“I’m not finished yet. Not by any measure.” – Milady de Winter (The Three Musketeers)
There have been so many versions of the original novel by Alexandre Dumas over the years that it’s likely no two people will have the same favourite (personally I’ll go with the 2014-2016 BBC adaptation), but for all that I love our four swashbuckling boys, it’s the women I treasure most, and if we’re talking about villains then I had to give Milady de Winter her due.
Like Cersei Lannister before her, Milady is arguably a product of her environment, and of the treatment she receives at the hands of men – but you can’t build something from nothing, and she’s got more than enough conviction to stand out as a villain to be reckoned with. Love her or hate her, but you can’t ignore her, and it would be a bad idea to try.
“Oh dear, what an awkward situation. I had hoped it was merely due to some oversight.” – Maleficent (Sleeping Beauty)
OK, look. If you’re the ruler of a fairytale kingdom and there’s a notoriously powerful, notoriously malicious sorceress in residence, and then you have a kid and throw a party and decide to invite every single body in the damn kingdom except the one who can crush you with magic, it’s pretty much your own fault if she gets upset about it.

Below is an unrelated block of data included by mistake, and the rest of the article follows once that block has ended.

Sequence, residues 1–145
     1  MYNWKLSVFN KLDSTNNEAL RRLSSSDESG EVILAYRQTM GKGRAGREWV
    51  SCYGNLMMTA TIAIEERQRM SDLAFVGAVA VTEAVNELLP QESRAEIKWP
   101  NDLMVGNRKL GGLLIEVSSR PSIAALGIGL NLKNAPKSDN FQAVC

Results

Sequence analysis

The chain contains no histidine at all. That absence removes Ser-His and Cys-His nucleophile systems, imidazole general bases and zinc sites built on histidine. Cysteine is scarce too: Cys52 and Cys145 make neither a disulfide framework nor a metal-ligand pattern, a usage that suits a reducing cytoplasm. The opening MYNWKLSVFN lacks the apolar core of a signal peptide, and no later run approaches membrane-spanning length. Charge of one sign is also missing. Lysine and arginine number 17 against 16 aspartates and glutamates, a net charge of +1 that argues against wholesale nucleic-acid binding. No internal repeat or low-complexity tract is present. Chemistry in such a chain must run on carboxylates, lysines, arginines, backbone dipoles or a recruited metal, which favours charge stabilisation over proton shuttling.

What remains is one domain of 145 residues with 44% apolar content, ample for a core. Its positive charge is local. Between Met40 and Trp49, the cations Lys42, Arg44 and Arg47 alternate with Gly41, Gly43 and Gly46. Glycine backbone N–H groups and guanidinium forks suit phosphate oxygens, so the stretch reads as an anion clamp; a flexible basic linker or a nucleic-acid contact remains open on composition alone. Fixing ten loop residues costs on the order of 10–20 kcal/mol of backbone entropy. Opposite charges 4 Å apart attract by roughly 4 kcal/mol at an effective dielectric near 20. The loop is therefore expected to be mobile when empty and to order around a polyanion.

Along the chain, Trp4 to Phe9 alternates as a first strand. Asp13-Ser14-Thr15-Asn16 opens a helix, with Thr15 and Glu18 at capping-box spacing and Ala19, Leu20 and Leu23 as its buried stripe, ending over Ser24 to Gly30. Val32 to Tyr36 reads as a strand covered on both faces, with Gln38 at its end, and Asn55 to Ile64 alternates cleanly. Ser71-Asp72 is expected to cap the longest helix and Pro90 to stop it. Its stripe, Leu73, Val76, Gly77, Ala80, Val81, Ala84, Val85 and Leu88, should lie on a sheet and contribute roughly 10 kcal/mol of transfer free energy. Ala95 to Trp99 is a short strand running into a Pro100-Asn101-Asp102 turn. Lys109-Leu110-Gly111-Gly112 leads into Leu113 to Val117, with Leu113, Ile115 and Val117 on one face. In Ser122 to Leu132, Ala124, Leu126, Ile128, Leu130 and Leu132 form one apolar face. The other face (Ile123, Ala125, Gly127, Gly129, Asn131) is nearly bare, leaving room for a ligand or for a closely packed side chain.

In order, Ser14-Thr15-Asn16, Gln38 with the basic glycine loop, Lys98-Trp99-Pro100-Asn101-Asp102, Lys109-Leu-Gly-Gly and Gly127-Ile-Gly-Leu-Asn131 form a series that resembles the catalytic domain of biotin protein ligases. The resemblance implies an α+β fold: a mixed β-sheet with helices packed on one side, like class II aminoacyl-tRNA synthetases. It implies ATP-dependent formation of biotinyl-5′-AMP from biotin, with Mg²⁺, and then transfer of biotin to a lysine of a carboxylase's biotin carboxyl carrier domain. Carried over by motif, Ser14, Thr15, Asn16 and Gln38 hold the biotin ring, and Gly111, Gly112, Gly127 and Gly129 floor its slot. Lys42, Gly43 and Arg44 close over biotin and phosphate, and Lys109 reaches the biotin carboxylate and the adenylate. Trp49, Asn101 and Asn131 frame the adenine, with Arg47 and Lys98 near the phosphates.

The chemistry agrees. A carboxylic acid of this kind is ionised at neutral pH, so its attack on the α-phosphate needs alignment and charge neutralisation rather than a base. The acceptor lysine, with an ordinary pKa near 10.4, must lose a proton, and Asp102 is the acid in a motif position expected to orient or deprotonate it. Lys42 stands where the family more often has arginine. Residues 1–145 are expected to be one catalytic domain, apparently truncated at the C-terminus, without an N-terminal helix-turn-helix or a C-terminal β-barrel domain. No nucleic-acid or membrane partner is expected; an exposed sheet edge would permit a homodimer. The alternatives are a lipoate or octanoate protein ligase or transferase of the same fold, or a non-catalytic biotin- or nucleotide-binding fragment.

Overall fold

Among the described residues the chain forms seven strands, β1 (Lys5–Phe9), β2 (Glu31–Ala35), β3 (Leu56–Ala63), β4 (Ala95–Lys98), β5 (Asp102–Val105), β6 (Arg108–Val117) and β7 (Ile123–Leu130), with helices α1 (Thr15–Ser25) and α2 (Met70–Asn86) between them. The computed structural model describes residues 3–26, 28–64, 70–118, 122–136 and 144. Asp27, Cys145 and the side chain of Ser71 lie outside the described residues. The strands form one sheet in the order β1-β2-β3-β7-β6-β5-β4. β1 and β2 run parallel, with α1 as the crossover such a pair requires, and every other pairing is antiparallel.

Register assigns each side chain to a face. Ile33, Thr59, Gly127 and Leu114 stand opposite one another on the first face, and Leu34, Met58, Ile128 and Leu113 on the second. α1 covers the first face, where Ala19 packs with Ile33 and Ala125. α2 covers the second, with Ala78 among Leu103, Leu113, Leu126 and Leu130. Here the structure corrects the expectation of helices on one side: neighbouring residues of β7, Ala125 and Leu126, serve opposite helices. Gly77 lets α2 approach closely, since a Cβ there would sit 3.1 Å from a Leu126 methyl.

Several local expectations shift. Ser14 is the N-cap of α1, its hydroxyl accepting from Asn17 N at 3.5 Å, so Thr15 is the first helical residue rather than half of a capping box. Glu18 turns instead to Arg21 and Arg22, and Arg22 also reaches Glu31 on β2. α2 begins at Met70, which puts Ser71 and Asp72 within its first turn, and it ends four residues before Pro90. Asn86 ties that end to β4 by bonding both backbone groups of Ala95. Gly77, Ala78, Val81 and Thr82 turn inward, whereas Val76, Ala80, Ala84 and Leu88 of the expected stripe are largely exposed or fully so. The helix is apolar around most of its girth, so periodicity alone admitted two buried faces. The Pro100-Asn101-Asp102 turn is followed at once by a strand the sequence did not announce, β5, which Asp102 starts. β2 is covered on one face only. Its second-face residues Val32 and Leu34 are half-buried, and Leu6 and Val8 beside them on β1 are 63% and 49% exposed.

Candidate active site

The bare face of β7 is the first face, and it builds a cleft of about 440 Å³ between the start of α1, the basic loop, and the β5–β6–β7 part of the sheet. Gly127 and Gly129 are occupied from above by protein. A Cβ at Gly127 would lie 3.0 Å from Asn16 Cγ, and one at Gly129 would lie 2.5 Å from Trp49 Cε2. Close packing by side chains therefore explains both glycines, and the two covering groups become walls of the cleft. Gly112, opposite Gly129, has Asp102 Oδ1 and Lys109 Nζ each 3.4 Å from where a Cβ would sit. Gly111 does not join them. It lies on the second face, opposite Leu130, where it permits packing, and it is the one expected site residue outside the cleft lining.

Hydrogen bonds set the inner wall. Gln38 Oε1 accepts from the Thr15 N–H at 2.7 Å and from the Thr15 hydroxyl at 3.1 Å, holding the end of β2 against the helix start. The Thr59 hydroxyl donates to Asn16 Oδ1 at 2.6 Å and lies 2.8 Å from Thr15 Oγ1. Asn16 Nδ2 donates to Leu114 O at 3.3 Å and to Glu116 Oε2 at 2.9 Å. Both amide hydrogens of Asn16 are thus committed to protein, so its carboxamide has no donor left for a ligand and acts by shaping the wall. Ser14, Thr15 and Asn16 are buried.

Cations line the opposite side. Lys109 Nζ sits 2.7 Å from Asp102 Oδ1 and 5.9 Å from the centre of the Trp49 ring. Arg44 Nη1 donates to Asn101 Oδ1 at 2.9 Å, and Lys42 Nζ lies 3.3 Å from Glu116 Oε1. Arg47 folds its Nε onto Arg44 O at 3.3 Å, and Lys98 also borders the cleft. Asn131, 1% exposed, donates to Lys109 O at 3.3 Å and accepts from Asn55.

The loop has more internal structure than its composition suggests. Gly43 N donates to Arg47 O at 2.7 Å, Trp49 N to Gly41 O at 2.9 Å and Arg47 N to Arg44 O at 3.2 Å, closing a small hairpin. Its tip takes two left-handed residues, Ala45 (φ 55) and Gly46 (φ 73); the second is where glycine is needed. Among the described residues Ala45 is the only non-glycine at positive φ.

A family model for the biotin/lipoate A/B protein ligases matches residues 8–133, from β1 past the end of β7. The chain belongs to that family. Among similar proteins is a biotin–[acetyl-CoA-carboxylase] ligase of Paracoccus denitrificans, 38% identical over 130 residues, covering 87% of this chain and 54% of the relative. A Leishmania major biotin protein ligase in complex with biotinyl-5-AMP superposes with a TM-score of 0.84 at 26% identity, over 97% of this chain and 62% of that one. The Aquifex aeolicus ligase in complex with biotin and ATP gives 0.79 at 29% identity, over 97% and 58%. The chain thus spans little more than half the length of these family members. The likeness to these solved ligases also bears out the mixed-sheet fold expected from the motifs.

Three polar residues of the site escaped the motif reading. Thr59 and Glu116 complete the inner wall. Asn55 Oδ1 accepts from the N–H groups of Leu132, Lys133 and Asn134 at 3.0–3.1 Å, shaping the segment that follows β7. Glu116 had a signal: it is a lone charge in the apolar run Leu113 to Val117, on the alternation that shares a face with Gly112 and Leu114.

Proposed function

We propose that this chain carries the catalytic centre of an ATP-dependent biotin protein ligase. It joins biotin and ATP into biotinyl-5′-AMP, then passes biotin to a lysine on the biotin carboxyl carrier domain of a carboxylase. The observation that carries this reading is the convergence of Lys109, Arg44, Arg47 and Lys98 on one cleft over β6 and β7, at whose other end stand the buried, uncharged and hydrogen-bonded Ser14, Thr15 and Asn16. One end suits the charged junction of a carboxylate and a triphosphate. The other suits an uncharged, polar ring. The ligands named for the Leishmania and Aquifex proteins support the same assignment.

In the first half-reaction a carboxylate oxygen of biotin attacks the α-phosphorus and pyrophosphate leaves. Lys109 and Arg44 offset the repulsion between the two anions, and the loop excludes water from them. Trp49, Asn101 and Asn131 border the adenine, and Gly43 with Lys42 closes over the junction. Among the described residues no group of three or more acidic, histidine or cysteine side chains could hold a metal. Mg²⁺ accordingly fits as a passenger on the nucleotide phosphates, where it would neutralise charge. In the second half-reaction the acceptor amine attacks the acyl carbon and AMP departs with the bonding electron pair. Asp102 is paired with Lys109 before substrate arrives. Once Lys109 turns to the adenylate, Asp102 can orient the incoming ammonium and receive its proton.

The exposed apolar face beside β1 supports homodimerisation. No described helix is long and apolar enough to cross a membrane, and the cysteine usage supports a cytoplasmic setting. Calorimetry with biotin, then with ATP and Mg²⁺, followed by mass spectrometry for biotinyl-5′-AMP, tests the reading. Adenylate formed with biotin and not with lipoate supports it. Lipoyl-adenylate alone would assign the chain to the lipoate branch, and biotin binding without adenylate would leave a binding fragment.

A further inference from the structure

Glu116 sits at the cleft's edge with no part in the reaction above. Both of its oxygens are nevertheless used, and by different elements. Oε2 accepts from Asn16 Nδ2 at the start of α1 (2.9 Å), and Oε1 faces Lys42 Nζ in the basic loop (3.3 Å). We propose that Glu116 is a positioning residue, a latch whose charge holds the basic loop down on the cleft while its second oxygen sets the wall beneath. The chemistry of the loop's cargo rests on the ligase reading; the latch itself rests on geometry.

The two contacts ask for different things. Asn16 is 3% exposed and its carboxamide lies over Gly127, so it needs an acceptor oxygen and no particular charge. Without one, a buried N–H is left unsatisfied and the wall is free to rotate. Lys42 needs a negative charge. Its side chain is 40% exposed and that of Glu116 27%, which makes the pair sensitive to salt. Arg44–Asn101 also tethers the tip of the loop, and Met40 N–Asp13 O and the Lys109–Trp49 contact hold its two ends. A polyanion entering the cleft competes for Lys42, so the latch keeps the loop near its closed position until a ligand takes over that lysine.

Maleficent is evil, no question – but I love her anyway. My heart is just dark enough to appreciate a badass sorceress when I see one, and like I said, I can’t really blame her for feeling snubbed and taking revenge. Sure, it was a bit much to take her hurt feelings out on a kid, but this is classic fairy tale territory. If one’s villainy isn’t overblown and dark as hell, is it really a fairy tale?
So! Those are my choices, at least until someone writes something/I read something new and that earns a spot on the list, heh. Feel free to share your picks and comment on mine below. Is there someone you feel like I left out, or that I should perhaps read about…? Recommendations are always welcome, so have at it!